Arthrogryposis Clinic

Arthrogryposis, also called arthrogryposis multiplex congenita (AMC), is a set of conditions characterized by stiffness and loss of motion in more than one joint. This stiffness is caused by shortening and hardening of muscles, tendons or other tissue (contractures).

Arthrogryposis can be mild or severe. Symptoms vary and may include: 

  • Curvature of the spine
  • Difficulty moving the arms and legs
  • Joints that are fixed in one position
  • Weak or missing muscles
  • Webbing or other differences in the skin around the joints

Children are born with the condition or syndrome causing their arthrogryposis. Arthrogryposis is permanent, but symptoms don’t get worse over time and can be treated. In fact, early treatment for arthrogryposis is often very successful at improving or restoring movement to help children live healthy, active lives.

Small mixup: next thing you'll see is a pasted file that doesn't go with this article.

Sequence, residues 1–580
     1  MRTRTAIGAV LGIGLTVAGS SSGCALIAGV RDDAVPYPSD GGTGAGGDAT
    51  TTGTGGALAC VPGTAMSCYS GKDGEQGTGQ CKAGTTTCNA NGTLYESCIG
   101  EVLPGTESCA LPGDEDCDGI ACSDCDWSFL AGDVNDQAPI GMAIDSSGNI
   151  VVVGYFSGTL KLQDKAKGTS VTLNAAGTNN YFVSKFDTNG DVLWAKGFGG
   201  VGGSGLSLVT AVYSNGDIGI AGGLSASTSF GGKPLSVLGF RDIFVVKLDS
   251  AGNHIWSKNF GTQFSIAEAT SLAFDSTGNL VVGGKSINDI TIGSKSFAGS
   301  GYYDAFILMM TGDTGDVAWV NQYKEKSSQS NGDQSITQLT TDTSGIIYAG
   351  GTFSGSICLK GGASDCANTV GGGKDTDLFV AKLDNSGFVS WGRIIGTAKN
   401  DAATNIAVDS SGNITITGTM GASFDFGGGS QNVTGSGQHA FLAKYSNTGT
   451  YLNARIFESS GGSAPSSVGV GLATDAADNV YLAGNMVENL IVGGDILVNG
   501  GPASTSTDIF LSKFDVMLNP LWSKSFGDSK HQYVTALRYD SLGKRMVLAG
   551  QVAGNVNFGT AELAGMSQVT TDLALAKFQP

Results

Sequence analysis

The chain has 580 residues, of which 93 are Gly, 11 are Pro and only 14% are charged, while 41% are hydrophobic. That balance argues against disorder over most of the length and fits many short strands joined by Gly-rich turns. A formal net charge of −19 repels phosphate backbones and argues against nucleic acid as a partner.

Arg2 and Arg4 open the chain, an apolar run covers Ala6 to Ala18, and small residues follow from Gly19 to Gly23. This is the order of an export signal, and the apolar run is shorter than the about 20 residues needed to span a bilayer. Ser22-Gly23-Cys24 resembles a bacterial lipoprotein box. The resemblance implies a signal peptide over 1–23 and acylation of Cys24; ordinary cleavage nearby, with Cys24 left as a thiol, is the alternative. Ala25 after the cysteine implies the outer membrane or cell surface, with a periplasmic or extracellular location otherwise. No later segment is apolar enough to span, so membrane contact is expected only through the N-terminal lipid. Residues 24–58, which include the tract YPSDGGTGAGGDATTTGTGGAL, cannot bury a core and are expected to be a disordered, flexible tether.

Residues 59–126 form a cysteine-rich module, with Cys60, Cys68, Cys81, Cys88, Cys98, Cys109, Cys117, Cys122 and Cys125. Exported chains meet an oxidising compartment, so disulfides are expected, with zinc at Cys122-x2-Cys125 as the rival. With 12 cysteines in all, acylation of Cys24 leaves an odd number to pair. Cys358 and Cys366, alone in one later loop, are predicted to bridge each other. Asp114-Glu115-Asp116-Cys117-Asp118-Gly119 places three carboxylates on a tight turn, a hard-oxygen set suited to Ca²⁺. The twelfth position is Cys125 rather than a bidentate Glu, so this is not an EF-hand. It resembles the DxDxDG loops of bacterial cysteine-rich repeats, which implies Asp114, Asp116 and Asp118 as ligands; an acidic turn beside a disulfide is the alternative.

There are more than 300 conditions that can lead to arthrogryposis. These conditions fall into three categories based on the parts of the body most affected: limbs, limbs and other parts of the body or limbs and the central nervous system

Our experts at the Arthrogryposis Clinic evaluate and treat children with arthrogryposis and its associated conditions, including:

  • Amyoplasia: A type of arthrogryposis involving shortening, tightening or wearing away of the muscle supporting your joints in the arms and legs.
  • Congenital myopathies/muscular dystrophies
  • Distal arthrogryposis: A type of arthrogryposis involving permanent bending of the joints in the hands and feet, including fingers and toes.
  • Other forms of arthrogryposis